City sure looks good from the streetcar
On a recent Sunday streetcar ride I was struck by the extraordinary demographic variety of my fellow passengers: young and old, tall and short, rich and poor: a highly eclectic group of citizens united only in one respect — they were all wearing childish grins, poorly disguised innocent smiles like the expressions on the faces of kids in a candy store.
The public’s evident pleasure is due not only to the smart new air-conditioned cars or nostalgia for childhood memories of public transportation, or Keynesian vindication of government investment, or even a kind of solidarity with the proletariat, but because our venerable Old Pueblo, with its handsome Victorian, territorial, and bungalow homes, its impressive university, funky Fourth Avenue and vibrant downtown is finally showing its true colors as a city to be proud of, especially when viewed from the novel perspective of our modern streetcar.
Owner, Artistry in Glass, Tucson
Millionaire coaches abuse student-athletes
Re: the Aug. 15 column “In football, the noise is part of the job.”
Rich Rodriguez: “I’m allowed to be mad. That’s my right.” The Star has previously written he yells at his student athletes. Where does that right come from? Not a place of ethical and moral standards of behavior. Coaches, colleges, the NCAA, suck billions of dollars out of these students. The performance of Rodriguez’s athletes directly determines if he continues as a millionaire. Perhaps he is yelling to protect his paycheck?
The University of Arizona basketball and football coaches are the highest-paid state employees. What would happen to any other state employee who was chronically yelling at his/her fellow employees? This is a national culture of abuse that brainwashes students to acquiesce. The setup is: Go along or watch from the bleachers. It must stop.
Retired mental-health therapist, Tucson
Careful reading of article
shows no crime
Re: the August 11 article “Tucson protesters attempt to stop immigrant detainment.”
Imagine my shock and dismay upon reading the article as it detailed how police and the Border Patrol detained an man who disclosed he had no driver’s license and identified himself as an immigrant. I immediately questioned by what authority the man was being held.
A careful reading of the article said nothing about the man being in the country illegally. If he were an “uninvited visitor” to our country the detainment might have been legitimate. Based on the article as published, this incident is an outrage to all law-abiding citizens and immigrants, naturalized or not.
But then, perhaps the article is a sad example of the Star’s editorial bent or a journalistic faux pas.
Some candidates are
hard to take seriously
It seems to be a rite of campaigning for some candidates to choose a method that is devoid of any contribution and basically reeks. They cast their “political chum” over the waters of the electorate hoping to attract voters. Their primary contribution to the voters is to point out every possible character flaw of the opposition and fail to understand the irrefutable law of retribution ... you only reap what you sow. This law cannot be circumvented no matter what ploy is used.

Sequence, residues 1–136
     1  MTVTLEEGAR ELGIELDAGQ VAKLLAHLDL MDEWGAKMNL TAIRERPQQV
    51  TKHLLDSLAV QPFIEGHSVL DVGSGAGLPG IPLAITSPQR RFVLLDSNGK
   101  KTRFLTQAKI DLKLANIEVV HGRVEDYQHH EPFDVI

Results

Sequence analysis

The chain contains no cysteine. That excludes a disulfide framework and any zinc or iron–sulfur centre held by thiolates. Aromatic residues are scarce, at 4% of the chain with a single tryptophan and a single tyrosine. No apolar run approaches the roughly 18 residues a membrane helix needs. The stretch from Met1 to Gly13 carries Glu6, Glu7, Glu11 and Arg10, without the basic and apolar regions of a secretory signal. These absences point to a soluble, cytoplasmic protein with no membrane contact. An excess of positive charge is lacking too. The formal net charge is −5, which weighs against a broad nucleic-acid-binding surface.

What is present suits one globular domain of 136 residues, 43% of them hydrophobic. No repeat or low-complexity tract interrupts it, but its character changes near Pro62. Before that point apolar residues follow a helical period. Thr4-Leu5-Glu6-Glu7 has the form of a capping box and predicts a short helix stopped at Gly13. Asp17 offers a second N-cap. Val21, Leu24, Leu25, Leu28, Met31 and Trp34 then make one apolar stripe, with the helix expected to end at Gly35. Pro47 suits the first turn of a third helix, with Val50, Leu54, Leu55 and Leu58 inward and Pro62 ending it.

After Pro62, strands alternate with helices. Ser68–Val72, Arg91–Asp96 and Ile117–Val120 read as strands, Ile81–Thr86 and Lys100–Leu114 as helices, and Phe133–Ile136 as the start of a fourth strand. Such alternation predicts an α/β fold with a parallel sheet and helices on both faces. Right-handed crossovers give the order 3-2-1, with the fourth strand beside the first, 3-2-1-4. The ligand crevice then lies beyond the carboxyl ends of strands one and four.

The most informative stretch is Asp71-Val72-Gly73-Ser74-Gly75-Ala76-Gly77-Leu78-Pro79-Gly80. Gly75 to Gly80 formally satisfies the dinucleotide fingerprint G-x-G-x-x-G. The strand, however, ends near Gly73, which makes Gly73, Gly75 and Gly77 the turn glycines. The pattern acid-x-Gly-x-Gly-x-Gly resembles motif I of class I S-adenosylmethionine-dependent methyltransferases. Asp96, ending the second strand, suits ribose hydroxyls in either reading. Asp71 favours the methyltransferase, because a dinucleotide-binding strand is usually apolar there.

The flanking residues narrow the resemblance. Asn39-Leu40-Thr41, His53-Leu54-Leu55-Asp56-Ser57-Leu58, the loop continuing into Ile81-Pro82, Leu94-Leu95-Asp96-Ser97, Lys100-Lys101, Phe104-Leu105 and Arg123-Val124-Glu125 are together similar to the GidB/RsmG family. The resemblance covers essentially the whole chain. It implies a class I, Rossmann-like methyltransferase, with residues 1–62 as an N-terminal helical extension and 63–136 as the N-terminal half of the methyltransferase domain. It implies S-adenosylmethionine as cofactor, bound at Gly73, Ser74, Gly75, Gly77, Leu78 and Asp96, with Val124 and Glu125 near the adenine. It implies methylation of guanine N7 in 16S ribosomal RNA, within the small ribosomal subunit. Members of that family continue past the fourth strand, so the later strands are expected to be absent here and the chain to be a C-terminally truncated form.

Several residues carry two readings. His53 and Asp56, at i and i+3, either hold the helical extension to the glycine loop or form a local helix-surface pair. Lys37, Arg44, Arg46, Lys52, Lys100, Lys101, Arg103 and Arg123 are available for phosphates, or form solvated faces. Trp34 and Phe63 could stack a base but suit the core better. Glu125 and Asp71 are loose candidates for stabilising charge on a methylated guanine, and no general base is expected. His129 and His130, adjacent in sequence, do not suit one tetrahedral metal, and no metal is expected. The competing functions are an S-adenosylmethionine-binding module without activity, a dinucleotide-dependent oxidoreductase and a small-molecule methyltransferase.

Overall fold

We already know the perfect candidate does not exist. In plain English, inform us just how you are going to solve the problems we are facing.
We already know what we need, so skip the verbosity regarding that. Just what are you going to do for us?
Retired, Green Valley
Evaluation of judge full of holes
Re: the Aug. 14 article “Pima judge gets a rare non-retention recommendation.”
I found the coverage on the Pima County judge to be extremely narrow and incomplete. As noted, judges sit for four years before review. However, that review is done, to my understanding, by surveys distributed to litigants and attorneys who have appeared in the court. By their nature, surveys are subjective unless there is some means to control for bias.
So, say 100 surveys are distributed to attorneys. Of those, 20 are returned. And of the 20, six reflect a negative opinion. That means six opinions reflect a third of the results, clearly an unfair representation, for the commission’s review criteria.
Do we know what the response rate is? No, it wasn’t provided. Do we know what the details of the responses are? No. Maybe the respondents received an unfavorable ruling in the court.
I believe the reporter and the Star have done a disservice to the judges, to the courts and to the voters by neglecting the details of a wholly subjective review process for our judges.
Low-income renters need legal protection
Re: the Aug. 14 article “No hot water, stoves leave S. side renters steaming.”
Both Pima County and Tucson governments should be embarrassed by their lack of desire to help low-income renters with basic problems.
To avoid the expense of enforcing a stricter code to apply to the inside of residential properties, Pima County has adopted a limited set of property maintenance codes.
Tucson does have authority under a Neighborhood Preservation Ordinance to inspect for violations and fine property owners as part of a slum-abatement task force. But it has cut back on staff, so complaints take longer to assess.
Low-income renters need better and more comprehensive laws to ease their situations. For many of them, the next step is homelessness.
(Mrs.) D.L. Dean